“Some church traditions refrain from singing Christmas carols during Advent. oI completely ‘get’ this. Purple, the color of remorse, adorns the altar (as it should) a ritual warning us not to greet God prematurely or presumptuously—that is, at least not until we acknowledge that we are clay in the divine potter’s hands, people chastened by God’s silence, ready to be molded anew as the “work of [God’s] hand.”
“Advent is mostly about a God who “breaks open the heavens and comes down,” not stopping halfway. God in Christ comes all the way down to meet us in our sinfulness, down into a manger bed, down to the cross, down to the grave. This is written in a very mystical and obscure way in my view. I do think the theopaschite mystery has more merit than any dominionist, fundamentalist theology, but it remains to be seen how this advent means anything to the person being gradually eaten away by the venom of a spider or snake.
We spend too much time trying to work out the details of when and how Jesus will come again. In the process, we fail to grasp the truth that Christ has come not once, not twice, but hundreds of times as God-with-us, our Savior. Here I think of Dostoevsky’s The Brothers Karamazov: Ivan’s arguments agains God is existential, where Alyosha responds to the world’s agony not with debate, but practical engagement, acts of lovingkindness, mercy, empathy.
Note: Another of Dostoevsky’s stories, ‘A Gentle Creature,’ closes with a cry of pain that rings with the same emotional density as Ivan’s outpouring. ‘Is there a living man on the plain?’ cries the Russian legendary hero. ‘I, too, echo the same cry, but no one answers.’4
The Advent of God happens every time we repent, turn from our sins and seek God’s forgiveness. The hidden God, Deus absconditus, becomes God our Savior. Advent is worth the wait!”
I hope you are right, James.
1) A theophany is a manifestation of God in the Bible that is tangible to the human senses. In its most restrictive sense, it is a visible appearance of God in the Old Testament period, often, but not always, in human form. (gotquestions.org)
3) The Brothers Karamazov by Fyodor Dostoevsky is a passionate philosophical novel set in 19th century Russia, that enters deeply into the ethical debates of God, free will, and morality. It is a spiritual drama of moral struggles concerning faith, doubt, and reason, set against a modernizing Russia.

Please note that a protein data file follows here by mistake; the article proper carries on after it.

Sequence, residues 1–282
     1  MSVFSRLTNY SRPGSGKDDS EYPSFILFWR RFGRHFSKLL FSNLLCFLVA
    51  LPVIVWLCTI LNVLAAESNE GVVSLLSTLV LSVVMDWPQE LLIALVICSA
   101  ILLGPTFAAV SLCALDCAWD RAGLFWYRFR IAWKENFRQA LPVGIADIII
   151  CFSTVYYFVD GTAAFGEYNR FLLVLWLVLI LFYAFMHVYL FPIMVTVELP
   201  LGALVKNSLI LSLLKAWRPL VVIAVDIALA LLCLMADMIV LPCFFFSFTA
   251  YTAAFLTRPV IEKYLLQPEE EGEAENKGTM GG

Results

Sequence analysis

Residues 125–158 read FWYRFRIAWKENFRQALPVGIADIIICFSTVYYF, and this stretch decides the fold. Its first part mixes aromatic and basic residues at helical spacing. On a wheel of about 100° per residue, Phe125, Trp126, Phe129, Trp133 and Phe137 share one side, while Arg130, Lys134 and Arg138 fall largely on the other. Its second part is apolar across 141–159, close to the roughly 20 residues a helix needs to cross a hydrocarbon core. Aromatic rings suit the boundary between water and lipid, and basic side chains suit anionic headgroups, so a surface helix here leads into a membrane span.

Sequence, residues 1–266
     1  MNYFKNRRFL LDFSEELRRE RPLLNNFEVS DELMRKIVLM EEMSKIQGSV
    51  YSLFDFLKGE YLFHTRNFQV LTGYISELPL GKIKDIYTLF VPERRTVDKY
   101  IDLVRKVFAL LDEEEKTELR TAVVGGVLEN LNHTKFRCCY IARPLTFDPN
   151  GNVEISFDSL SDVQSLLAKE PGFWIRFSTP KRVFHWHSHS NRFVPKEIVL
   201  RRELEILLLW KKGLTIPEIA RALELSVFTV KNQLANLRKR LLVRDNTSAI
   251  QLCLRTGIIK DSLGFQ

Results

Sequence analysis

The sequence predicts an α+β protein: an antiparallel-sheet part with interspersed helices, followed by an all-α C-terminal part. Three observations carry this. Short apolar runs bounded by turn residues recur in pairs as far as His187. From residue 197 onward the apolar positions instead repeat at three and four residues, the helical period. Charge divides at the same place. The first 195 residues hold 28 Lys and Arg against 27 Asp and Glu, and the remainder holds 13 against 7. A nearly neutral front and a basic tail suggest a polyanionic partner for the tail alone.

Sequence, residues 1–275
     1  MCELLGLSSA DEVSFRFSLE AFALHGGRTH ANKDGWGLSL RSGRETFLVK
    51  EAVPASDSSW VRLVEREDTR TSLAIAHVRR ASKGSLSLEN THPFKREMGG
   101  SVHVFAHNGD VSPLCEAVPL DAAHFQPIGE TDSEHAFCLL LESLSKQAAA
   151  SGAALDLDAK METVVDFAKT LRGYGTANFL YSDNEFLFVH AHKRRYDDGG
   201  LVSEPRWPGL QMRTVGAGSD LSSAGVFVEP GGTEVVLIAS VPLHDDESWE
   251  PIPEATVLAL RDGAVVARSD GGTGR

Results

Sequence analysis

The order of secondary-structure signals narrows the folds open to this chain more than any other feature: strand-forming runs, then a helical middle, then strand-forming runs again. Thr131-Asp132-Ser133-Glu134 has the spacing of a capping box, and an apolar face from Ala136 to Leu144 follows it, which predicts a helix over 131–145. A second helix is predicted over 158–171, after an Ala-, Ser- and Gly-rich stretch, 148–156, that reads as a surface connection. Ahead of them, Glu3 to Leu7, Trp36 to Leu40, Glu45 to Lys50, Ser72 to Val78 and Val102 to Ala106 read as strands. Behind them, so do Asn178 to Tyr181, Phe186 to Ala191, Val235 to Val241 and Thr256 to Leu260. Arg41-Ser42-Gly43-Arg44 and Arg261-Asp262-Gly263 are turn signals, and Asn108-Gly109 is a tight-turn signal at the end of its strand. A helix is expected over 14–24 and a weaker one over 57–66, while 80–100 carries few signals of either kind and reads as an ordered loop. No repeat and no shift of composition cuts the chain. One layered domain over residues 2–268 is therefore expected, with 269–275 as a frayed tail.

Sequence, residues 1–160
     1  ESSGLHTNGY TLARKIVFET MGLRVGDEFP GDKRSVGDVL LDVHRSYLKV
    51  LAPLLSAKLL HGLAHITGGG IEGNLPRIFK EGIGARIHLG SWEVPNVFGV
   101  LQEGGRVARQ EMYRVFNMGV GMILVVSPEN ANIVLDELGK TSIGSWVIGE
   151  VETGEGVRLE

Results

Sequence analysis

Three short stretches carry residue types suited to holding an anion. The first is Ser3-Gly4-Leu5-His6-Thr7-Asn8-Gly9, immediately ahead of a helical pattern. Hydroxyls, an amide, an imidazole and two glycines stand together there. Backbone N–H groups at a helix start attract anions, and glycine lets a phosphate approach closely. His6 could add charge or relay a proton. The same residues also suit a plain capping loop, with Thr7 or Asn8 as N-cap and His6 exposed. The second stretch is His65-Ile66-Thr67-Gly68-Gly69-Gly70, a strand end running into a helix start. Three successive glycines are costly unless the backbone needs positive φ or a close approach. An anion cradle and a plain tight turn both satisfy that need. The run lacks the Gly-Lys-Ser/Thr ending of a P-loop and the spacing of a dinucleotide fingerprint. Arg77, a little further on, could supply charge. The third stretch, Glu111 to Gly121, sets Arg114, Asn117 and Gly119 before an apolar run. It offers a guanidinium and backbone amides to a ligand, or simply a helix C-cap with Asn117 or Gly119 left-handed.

4) Project D by Dennis Abrams: https://projectdblog.wordpress.com
Additional thoughts about Dostoevsky’s The Brothers Karamazov:
“Numerous commentators have understandably stressed the moving pathos of Ivan’s humanitarianism; it has been suggested, as Blake said of Milton, that Dostoevsky was really of the devil’s party and could not suppress his emotional agreement with Ivan. There is no question that Dostoevsky poured into these passages all his own anguish over the abominations he was recording. However, Ivan represents, on the highest level of intellectual and moral sensibility, the supreme and most poignant dramatization of the conflict between reason and faith at the heart of the book, and it would have been inconsistent with his thematic aim to have softened or weakened his utterances. Faith, as Dostoevsky wishes it to be felt, in The Brothers Karamazov, must be really pure, a commitment supported by nothing except a devotion to the image and example of Christ, and the opposing arguments of reason must thus be given at their fullest strength.”
I still find myself in agreement with Ivan — for me, when I was young, it was learning about the holocaust that pushed me in that direction.
I think that Frank is being harder than necessary on Ivan — I think his anguish over the suffering of the innocent is real, and his need for justice equates to justice on earth and not necessarily punishment or retribution, but not just the promise of justice in a non-Euclidean afterlife.